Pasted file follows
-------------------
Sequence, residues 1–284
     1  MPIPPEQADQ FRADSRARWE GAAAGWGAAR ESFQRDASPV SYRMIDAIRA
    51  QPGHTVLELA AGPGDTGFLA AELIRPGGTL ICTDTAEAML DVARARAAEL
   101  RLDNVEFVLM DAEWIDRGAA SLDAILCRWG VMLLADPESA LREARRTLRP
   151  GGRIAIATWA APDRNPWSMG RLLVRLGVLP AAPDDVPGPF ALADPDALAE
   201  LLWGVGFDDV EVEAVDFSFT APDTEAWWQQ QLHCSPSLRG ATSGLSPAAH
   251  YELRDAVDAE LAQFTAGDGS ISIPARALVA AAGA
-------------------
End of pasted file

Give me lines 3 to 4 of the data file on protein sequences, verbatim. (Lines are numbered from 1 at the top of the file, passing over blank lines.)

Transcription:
    51  QPGHTVLELA AGPGDTGFLA AELIRPGGTL ICTDTAEAML DVARARAAEL
   101  RLDNVEFVLM DAEWIDRGAA SLDAILCRWG VMLLADPESA LREARRTLRP